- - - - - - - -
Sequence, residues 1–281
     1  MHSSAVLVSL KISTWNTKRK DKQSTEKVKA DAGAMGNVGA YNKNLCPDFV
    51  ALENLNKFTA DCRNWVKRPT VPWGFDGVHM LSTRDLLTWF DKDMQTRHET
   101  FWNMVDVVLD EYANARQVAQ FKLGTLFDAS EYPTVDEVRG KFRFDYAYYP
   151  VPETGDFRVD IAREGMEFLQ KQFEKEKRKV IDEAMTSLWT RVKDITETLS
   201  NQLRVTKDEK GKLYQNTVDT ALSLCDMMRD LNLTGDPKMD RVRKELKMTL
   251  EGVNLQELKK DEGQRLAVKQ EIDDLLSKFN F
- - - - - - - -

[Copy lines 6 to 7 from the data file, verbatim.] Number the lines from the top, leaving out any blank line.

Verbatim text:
   201  NQLRVTKDEK GKLYQNTVDT ALSLCDMMRD LNLTGDPKMD RVRKELKMTL
   251  EGVNLQELKK DEGQRLAVKQ EIDDLLSKFN F